On a regular basis, cultural pundits appear as if from nowhere and bewail the fact that teenagers seem to be listening a lot more to [fill in name of current chart-topping act] than to the Old Masters. This happened just as much in the Sixties as it does in the Nineties, and truth be told, I wasn't paying attention to the cultural pundits I was trying my best to rock out. And, being the pitiable geek that I was, I wasn't succeeding very well.
The year is 1969, and I'm browsing the record racks at the University Co-Op, across Guadalupe Street from the University of Texas at Austin. Suddenly, two or three aisles over: a vision, one I've seen before but have never dared to address. Today, I don't remember her name, and can barely remember her face. What I do remember is that I had the preposterous notion, based upon half-heard stories filtered through my own special brand of delusion, that the way to her heart was through classical music if I could be seen purchasing actual concerti and such, she couldn't help but fall into my arms. I quickly decided that the time to act was now, so Santana was shelved for another day, and as conspicuously as possible, I grabbed the heaviest-looking symphonic stuff on the rack, which turned out to be a recording of Rachmaninoff's Second Symphony.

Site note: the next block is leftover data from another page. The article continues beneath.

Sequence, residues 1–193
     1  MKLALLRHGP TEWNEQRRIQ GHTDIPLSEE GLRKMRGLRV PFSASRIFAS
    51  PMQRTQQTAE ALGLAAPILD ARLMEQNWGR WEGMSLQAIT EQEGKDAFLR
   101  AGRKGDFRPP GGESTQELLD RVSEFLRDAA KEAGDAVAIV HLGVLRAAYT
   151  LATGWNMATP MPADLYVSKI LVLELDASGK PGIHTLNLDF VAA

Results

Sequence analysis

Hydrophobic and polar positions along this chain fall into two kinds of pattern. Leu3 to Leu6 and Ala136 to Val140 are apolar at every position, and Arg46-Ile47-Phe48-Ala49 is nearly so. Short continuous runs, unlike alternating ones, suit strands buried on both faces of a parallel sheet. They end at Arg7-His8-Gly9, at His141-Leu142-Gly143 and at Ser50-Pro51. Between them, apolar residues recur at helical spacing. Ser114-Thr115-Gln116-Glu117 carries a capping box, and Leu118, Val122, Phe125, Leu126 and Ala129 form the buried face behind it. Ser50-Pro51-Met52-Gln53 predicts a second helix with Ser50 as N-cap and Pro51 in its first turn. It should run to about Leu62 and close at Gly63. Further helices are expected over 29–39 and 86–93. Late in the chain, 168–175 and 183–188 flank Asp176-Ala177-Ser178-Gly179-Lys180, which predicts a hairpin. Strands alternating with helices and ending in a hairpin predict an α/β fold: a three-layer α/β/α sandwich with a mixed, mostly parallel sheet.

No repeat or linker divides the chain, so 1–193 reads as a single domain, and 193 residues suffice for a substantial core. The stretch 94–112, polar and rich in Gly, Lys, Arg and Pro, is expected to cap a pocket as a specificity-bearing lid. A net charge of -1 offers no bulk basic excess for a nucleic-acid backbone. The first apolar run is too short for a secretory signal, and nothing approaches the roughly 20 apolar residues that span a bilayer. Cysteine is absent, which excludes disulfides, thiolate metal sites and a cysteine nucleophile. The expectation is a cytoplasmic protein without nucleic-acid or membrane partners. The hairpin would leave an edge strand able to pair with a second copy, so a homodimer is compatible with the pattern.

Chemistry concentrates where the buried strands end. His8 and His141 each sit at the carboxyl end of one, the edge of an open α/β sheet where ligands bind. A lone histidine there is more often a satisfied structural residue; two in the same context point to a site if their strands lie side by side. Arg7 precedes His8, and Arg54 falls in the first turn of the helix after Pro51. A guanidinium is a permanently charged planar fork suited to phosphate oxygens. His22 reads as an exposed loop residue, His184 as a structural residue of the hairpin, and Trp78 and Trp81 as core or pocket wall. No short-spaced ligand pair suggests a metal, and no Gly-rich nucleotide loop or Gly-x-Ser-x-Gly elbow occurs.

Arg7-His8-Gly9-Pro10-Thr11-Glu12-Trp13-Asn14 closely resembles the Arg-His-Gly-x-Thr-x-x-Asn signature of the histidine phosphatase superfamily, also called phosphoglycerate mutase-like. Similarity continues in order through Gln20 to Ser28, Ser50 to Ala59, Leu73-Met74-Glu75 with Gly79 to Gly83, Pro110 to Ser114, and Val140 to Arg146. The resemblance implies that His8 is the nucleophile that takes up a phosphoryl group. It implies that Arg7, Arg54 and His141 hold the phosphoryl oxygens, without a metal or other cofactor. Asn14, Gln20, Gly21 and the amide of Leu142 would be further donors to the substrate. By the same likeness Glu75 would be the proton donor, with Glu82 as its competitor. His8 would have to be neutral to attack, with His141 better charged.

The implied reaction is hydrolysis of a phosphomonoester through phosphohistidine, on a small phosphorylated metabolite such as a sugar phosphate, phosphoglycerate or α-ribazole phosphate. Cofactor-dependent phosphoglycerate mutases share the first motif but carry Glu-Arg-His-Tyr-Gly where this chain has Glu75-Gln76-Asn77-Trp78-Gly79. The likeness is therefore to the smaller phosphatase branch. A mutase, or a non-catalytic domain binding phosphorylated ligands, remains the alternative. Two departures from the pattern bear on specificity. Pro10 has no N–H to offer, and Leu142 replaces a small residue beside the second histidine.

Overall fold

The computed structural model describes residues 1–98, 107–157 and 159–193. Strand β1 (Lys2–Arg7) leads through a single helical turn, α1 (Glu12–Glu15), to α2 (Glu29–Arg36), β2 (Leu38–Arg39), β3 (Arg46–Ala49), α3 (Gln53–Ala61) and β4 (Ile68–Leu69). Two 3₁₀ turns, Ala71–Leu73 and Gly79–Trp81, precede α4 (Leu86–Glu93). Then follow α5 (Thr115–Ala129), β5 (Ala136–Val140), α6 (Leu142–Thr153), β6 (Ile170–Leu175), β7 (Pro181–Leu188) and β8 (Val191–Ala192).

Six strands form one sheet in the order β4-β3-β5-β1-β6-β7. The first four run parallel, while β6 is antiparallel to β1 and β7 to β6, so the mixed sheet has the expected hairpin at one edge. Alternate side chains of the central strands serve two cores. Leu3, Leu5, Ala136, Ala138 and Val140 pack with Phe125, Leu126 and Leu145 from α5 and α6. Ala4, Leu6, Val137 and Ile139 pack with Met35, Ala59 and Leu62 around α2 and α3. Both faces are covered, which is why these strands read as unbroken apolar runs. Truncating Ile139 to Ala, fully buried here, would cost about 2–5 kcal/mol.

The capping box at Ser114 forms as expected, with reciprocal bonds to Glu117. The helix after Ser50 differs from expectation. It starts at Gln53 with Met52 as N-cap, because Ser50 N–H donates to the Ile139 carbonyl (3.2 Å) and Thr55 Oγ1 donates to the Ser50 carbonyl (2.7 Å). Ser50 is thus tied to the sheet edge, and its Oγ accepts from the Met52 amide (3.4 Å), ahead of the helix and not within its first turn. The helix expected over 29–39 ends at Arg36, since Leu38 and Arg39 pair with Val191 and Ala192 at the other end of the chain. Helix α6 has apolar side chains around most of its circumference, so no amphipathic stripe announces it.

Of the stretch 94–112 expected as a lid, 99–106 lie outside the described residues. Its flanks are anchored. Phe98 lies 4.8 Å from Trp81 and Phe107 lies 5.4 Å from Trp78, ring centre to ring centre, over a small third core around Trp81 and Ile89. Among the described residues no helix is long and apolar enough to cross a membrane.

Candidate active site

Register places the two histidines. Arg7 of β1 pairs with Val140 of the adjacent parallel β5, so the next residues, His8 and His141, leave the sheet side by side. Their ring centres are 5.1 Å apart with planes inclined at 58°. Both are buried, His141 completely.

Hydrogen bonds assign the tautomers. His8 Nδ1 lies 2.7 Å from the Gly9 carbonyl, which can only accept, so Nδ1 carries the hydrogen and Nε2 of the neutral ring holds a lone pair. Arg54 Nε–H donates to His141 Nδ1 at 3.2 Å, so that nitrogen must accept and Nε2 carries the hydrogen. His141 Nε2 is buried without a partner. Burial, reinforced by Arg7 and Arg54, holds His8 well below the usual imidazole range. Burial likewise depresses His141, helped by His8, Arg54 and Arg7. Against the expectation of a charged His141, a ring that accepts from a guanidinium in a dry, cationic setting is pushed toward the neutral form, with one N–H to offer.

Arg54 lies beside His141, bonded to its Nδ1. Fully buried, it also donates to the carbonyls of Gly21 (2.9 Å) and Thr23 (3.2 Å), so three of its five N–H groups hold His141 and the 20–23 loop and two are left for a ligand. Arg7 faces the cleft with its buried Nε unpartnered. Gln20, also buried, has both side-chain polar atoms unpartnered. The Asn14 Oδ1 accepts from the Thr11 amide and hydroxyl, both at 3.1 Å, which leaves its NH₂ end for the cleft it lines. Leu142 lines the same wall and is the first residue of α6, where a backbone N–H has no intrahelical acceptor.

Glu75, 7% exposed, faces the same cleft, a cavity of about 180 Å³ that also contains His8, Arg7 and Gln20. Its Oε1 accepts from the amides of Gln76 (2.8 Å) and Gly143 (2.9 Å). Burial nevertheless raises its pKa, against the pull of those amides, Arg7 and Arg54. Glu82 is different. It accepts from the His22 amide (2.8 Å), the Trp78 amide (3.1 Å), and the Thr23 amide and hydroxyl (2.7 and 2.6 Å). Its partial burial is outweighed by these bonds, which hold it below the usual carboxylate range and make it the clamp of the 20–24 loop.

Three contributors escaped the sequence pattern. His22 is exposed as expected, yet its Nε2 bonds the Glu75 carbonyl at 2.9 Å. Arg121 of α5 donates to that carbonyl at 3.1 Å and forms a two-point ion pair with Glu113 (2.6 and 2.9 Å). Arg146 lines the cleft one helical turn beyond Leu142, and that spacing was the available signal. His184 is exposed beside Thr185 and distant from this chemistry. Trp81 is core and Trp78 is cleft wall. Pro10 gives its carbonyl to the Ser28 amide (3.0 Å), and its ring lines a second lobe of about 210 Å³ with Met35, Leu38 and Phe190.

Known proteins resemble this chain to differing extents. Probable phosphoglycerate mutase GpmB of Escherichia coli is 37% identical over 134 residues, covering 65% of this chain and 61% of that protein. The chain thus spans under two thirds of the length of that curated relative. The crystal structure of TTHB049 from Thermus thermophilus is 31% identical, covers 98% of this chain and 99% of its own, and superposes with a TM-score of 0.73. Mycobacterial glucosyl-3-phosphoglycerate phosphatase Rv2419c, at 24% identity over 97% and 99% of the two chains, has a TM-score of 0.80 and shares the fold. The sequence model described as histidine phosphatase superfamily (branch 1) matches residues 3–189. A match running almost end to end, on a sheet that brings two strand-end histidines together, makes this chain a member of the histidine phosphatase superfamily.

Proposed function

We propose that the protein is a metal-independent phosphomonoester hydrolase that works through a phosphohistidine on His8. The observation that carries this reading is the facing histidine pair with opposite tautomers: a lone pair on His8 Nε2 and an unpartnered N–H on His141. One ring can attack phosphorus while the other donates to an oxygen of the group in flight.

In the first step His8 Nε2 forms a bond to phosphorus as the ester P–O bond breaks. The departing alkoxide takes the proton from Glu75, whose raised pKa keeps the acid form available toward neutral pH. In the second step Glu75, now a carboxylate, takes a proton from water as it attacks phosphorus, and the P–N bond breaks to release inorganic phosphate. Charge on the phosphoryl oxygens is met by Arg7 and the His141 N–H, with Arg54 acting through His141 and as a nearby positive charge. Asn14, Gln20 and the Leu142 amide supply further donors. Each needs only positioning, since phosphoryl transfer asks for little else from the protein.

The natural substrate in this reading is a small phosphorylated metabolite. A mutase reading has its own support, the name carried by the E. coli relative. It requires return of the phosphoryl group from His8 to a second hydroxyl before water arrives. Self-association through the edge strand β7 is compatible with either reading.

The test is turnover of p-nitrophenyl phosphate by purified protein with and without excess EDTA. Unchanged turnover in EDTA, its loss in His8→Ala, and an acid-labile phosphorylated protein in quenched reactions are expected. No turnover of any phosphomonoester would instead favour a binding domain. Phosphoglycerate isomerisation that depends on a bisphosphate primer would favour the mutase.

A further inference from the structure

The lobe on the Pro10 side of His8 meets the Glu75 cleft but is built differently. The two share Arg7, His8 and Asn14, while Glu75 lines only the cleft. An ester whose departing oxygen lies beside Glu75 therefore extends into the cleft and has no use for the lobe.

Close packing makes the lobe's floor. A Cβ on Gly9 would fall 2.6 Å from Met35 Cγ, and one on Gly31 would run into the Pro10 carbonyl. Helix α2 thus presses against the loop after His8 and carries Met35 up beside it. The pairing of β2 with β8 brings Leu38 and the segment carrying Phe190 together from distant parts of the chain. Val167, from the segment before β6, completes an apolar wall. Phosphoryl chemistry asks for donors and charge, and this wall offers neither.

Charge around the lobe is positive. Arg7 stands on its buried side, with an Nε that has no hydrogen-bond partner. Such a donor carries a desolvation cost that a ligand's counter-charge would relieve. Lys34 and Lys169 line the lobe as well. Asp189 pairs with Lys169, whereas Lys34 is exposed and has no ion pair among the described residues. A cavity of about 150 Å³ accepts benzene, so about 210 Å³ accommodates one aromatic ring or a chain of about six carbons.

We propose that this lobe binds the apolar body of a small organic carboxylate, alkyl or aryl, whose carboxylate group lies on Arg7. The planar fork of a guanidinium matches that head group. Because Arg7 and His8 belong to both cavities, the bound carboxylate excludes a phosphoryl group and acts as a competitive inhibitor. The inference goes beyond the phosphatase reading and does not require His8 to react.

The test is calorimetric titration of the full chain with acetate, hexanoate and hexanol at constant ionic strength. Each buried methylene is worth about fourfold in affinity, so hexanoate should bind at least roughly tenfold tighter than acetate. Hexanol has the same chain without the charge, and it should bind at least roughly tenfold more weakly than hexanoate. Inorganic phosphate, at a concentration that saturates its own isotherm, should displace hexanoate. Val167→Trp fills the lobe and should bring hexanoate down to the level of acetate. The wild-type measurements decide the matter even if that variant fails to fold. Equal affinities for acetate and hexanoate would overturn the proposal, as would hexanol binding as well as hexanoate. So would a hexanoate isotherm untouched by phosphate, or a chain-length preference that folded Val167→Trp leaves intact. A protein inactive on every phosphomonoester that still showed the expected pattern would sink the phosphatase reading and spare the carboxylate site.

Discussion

Merely owning the material, I sensed, might not be enough to do the job, so I set about the task of familiarization. I popped open the shrink-wrap, pulled the disk very heavy, it seemed out of its envelope, set it gently on the platter and dropped the all-purpose sapphire stylus in the lead-in groove.
I'm not quite sure what happened after that. The side